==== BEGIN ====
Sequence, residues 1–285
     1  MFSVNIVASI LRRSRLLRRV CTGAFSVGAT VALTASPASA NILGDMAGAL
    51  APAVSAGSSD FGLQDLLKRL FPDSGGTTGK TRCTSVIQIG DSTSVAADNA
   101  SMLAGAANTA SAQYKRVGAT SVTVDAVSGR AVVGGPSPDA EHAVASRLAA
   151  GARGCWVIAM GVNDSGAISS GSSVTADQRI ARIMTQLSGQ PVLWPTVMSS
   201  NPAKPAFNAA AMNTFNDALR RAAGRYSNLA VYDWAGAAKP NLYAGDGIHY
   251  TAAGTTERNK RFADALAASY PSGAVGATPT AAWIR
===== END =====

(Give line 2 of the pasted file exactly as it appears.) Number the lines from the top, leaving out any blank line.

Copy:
     1  MFSVNIVASI LRRSRLLRRV CTGAFSVGAT VALTASPASA NILGDMAGAL